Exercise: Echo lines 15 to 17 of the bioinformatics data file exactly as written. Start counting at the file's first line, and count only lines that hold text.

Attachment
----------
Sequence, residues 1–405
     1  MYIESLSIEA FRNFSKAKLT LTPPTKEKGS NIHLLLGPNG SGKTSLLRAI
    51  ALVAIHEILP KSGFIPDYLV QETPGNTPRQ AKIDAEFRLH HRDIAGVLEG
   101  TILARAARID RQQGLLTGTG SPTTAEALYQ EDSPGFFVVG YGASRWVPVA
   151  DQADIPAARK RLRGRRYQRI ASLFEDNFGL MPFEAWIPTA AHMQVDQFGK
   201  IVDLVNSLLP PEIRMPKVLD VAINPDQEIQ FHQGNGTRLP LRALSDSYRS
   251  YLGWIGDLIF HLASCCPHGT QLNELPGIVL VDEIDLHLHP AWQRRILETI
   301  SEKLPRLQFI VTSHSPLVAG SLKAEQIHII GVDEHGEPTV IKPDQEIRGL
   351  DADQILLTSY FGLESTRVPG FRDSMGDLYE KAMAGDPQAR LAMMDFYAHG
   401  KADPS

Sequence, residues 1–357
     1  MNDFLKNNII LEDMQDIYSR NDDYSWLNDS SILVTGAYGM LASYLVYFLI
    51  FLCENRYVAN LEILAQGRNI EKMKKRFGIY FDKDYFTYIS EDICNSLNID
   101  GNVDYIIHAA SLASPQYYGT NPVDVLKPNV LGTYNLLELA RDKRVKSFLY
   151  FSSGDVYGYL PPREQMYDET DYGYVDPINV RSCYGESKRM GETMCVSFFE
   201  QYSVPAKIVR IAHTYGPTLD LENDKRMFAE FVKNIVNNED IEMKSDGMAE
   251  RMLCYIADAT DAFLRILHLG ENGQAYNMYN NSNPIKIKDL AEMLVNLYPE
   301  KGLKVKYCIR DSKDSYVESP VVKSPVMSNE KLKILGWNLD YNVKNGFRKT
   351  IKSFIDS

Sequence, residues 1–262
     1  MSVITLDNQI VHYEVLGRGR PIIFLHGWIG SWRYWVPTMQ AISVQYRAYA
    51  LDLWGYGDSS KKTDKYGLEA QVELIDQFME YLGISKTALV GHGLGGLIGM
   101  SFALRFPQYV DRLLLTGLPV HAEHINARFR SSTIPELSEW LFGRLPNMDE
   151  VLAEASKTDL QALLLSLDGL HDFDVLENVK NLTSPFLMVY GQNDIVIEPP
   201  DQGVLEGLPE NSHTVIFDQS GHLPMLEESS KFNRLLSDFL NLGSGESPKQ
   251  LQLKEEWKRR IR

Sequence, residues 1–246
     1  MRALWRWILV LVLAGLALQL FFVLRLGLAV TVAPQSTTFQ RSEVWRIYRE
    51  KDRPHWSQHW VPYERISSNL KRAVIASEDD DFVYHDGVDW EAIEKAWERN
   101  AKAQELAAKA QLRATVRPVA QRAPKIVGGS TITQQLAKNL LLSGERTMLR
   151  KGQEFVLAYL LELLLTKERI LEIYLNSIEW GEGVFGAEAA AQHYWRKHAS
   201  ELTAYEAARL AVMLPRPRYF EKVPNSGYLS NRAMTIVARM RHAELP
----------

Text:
   151  FSSGDVYGYL PPREQMYDET DYGYVDPINV RSCYGESKRM GETMCVSFFE
   201  QYSVPAKIVR IAHTYGPTLD LENDKRMFAE FVKNIVNNED IEMKSDGMAE
   251  RMLCYIADAT DAFLRILHLG ENGQAYNMYN NSNPIKIKDL AEMLVNLYPE